I think you are making a lot of assumptions on very little evidence here. All you have is a *single* line which says such and such was healed by someone who *might* be a female (and other people have pointed out even the female part is dubious) and suddenly we have a courageous female doctor going out into the middle of battle, healing a famous warrior, them falling in love while he is healing and getting married to him and this is the reason why he managed to survive whilst his comrades perished in the flames of pestilence. It seems to me that you taking a single line which may/may not be true and making an entire narrative out of it with very little supporting evidence.
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Unread postby LING_TONG ^0^ » Thu Oct 07, 2004 6:07 pm

yea, in fact I just made an assumption (not a theory, I don't how why should I responsible to provide evidences; I can tell this topic is an assumption also.) I wonder if you read my first post on the issue, if you did, you should know I said it was an assumption indeed.
But somehow you guys were asking me why did I get that assumption (of course by imagination), so I had to tell my reason :lol: . And I don't think an assumption need to be 100% correct, but if you insist every assumption made here have to be that accurate, then I think I posted something on a wrong place. :?:
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Unread postby Lady Wu » Thu Oct 07, 2004 8:17 pm

Thanks for sharing the assumption. It really wasn't something that would cross my mind, and it's an interesting story despite that I think it's wrong.

I only question the usefulness of the story in this discussion. Let me try to explain more clearly: we have two interpretations of the passage, one is the "boring" one which I adopted in my translation (posted at KMA), where Sun Quan kept Ling Tong in his own boat and gave him drugs from Zhuo's Pharmaceuticals; the second is your story about Zhuo being a woman who was a doctor and Ling Tong's wife.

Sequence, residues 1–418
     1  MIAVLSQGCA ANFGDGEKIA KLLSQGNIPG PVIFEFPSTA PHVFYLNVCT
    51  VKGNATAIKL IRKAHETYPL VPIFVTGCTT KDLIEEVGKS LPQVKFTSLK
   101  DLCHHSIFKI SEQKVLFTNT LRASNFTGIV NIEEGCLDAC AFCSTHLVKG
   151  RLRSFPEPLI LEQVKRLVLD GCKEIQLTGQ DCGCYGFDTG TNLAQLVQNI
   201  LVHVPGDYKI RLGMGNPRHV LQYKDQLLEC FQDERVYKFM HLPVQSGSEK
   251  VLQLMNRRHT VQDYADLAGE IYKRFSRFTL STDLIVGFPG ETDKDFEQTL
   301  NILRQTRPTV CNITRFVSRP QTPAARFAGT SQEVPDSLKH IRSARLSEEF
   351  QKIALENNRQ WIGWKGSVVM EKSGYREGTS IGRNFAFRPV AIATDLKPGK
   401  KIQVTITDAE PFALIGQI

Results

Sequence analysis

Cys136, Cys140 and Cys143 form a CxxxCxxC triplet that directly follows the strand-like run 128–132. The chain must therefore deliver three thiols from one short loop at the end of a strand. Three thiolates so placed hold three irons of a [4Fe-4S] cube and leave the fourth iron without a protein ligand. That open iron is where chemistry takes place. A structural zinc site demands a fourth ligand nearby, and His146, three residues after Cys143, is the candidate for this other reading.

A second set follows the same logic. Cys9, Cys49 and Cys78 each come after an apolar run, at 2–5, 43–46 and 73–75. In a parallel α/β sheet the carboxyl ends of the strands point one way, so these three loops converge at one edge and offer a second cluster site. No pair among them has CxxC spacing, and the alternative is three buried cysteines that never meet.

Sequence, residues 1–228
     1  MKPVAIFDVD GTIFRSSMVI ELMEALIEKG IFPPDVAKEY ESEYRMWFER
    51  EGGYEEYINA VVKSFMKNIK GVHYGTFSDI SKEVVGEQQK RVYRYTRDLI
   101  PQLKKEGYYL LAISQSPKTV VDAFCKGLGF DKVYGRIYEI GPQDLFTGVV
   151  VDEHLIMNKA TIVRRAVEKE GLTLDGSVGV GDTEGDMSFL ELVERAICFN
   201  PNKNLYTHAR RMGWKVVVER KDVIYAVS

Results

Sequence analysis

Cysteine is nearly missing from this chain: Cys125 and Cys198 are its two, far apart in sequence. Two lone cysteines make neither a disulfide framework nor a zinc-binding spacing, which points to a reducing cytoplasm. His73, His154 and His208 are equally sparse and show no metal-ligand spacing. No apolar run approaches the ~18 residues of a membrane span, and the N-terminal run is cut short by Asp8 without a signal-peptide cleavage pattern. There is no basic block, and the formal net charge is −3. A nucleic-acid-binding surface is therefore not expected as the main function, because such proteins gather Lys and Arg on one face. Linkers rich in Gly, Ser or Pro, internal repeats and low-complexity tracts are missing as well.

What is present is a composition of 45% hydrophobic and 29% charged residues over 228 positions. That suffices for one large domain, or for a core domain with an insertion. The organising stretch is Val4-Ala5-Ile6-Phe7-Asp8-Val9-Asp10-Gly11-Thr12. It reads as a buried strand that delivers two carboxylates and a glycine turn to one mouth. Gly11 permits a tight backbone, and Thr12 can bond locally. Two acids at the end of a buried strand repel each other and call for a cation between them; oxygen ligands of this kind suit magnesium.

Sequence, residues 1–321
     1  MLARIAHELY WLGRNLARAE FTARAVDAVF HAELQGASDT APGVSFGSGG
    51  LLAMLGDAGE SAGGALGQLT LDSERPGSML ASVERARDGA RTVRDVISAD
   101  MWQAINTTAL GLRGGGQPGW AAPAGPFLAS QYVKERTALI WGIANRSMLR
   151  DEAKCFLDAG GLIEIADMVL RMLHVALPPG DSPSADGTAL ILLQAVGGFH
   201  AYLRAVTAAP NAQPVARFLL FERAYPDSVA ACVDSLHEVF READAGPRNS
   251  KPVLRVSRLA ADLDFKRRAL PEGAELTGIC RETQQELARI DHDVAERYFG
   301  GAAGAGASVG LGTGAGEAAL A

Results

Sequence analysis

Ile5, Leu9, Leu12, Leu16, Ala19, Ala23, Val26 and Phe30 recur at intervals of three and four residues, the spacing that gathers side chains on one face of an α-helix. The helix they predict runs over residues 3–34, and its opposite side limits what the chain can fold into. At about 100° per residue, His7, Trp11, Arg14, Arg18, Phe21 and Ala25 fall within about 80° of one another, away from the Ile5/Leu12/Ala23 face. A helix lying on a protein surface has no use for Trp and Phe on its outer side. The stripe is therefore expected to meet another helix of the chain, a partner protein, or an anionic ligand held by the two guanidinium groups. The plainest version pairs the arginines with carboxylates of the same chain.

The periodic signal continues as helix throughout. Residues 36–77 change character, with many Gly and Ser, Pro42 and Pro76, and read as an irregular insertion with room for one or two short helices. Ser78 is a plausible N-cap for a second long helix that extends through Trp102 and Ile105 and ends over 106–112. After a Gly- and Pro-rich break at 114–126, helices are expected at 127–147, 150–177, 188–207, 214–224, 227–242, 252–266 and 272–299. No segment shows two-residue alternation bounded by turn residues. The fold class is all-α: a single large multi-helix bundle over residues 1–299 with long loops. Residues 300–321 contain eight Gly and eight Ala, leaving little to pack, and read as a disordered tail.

Interpretation #1 is consistent with the rest of the story/history. I showed that 舟 and 船 can refer to the same vessel, that over-the-counter drugs existed back then (and who says that 卓氏良藥 has to be for external use only?), that 卓氏 can easily refer to a man or a family (by the way, think 白蘭氏雞精--"Brand's Essence of Chicken"). The pestilence is not a problem to this hypothesis because (a) Ling Tong might not have caught it; (b) he could have been treated for it elsewhere; (c) there might not have been a plauge to start off with (I'm still skeptical). Whoever wrote that passage (it's not Chen Shou) perhaps put in 卓氏 in order to advertise for them, or to highlight the extent of Ling Tong's wounds? Nothing in addition needs to be assumed.

Interpretation #2, while also compatible with the rest of the story/history, requires a lot more assumptions. Uiler summarized them quite nicely. Some of those assumptions, such as the one that women were allowed to go along in battle, are quite shaky and not substantiated by historical information we have on that time period. You also need to assume that 卓氏良藥 implies that 卓氏 was there along with her 良藥--not a common grammatical construction, especially since it would be potentially ambiguous. It also has nothing to do with the plague, since we're talking about Ling Tong's battle wounds anyway, not his other pre-existing condition.

In academic work, when there are two possible analyses for a given set of data, we take the one that is simpler and requires less stipulations--unless the other one has greater explanatory power. Here, the two interpretations have the same amount of explanatory power, but #2 is more complicated (you need to assume more people involved than what's necessary, to start off with) and comes with more stipulations (the existence of a woman called Zhuo married to Ling Tong, etc). Interpretation #1 is thus uncontestably the better analysis, and I think that it's not worth the time pursuing the second alternative unless you can find something that it can explain better than #1, or unless you're trying to write your own story. :wink:
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Unread postby Uiler » Fri Oct 08, 2004 2:30 am

LING_TONG ^0^ wrote:yea, in fact I just made an assumption (not a theory, I don't how why should I responsible to provide evidences; I can tell this topic is an assumption also.) I wonder if you read my first post on the issue, if you did, you should know I said it was an assumption indeed.